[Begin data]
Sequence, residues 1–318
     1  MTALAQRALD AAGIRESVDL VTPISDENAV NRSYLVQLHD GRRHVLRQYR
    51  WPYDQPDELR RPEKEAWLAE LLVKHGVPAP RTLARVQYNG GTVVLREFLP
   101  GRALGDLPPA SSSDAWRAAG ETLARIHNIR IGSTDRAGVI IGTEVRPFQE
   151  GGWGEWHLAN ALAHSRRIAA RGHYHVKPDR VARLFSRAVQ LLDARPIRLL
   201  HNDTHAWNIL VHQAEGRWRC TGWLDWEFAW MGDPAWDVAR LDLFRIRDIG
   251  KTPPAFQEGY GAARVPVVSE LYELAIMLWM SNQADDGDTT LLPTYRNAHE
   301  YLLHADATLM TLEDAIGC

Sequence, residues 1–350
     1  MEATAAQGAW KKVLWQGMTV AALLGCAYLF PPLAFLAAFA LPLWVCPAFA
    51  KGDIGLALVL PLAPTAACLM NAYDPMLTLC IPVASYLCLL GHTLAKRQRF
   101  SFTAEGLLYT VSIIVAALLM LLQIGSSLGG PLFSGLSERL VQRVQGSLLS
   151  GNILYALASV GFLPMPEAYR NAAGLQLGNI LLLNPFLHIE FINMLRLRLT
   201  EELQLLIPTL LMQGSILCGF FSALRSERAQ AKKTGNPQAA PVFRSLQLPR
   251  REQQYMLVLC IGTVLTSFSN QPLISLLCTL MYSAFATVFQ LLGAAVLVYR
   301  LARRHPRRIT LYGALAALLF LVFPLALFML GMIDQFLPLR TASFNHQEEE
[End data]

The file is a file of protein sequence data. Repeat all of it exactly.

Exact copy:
Sequence, residues 1–318
     1  MTALAQRALD AAGIRESVDL VTPISDENAV NRSYLVQLHD GRRHVLRQYR
    51  WPYDQPDELR RPEKEAWLAE LLVKHGVPAP RTLARVQYNG GTVVLREFLP
   101  GRALGDLPPA SSSDAWRAAG ETLARIHNIR IGSTDRAGVI IGTEVRPFQE
   151  GGWGEWHLAN ALAHSRRIAA RGHYHVKPDR VARLFSRAVQ LLDARPIRLL
   201  HNDTHAWNIL VHQAEGRWRC TGWLDWEFAW MGDPAWDVAR LDLFRIRDIG
   251  KTPPAFQEGY GAARVPVVSE LYELAIMLWM SNQADDGDTT LLPTYRNAHE
   301  YLLHADATLM TLEDAIGC

Sequence, residues 1–350
     1  MEATAAQGAW KKVLWQGMTV AALLGCAYLF PPLAFLAAFA LPLWVCPAFA
    51  KGDIGLALVL PLAPTAACLM NAYDPMLTLC IPVASYLCLL GHTLAKRQRF
   101  SFTAEGLLYT VSIIVAALLM LLQIGSSLGG PLFSGLSERL VQRVQGSLLS
   151  GNILYALASV GFLPMPEAYR NAAGLQLGNI LLLNPFLHIE FINMLRLRLT
   201  EELQLLIPTL LMQGSILCGF FSALRSERAQ AKKTGNPQAA PVFRSLQLPR
   251  REQQYMLVLC IGTVLTSFSN QPLISLLCTL MYSAFATVFQ LLGAAVLVYR
   301  LARRHPRRIT LYGALAALLF LVFPLALFML GMIDQFLPLR TASFNHQEEE